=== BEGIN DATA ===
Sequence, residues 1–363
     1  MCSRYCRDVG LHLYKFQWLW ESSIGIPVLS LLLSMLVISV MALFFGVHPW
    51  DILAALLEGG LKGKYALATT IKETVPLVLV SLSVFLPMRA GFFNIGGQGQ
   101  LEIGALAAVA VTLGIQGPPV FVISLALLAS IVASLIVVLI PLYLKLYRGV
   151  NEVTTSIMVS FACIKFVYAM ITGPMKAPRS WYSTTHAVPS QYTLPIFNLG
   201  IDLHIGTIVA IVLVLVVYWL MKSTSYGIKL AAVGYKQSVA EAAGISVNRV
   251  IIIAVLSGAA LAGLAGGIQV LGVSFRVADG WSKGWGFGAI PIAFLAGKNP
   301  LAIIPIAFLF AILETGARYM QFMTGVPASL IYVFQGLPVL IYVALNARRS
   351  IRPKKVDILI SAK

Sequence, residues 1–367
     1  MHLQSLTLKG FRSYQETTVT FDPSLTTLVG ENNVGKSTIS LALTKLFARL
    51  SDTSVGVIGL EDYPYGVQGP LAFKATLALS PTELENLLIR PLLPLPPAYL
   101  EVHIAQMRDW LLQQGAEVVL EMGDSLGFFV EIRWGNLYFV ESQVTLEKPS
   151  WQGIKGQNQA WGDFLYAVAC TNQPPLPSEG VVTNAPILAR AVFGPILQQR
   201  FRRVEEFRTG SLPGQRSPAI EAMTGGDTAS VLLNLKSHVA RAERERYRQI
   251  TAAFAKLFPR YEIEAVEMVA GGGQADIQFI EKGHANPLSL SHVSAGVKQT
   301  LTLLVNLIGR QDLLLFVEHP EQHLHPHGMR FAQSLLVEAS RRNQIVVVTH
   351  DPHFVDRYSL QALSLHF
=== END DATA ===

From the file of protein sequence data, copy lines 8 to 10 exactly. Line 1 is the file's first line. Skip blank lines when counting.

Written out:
   301  LAIIPIAFLF AILETGARYM QFMTGVPASL IYVFQGLPVL IYVALNARRS
   351  IRPKKVDILI SAK

Sequence, residues 1–367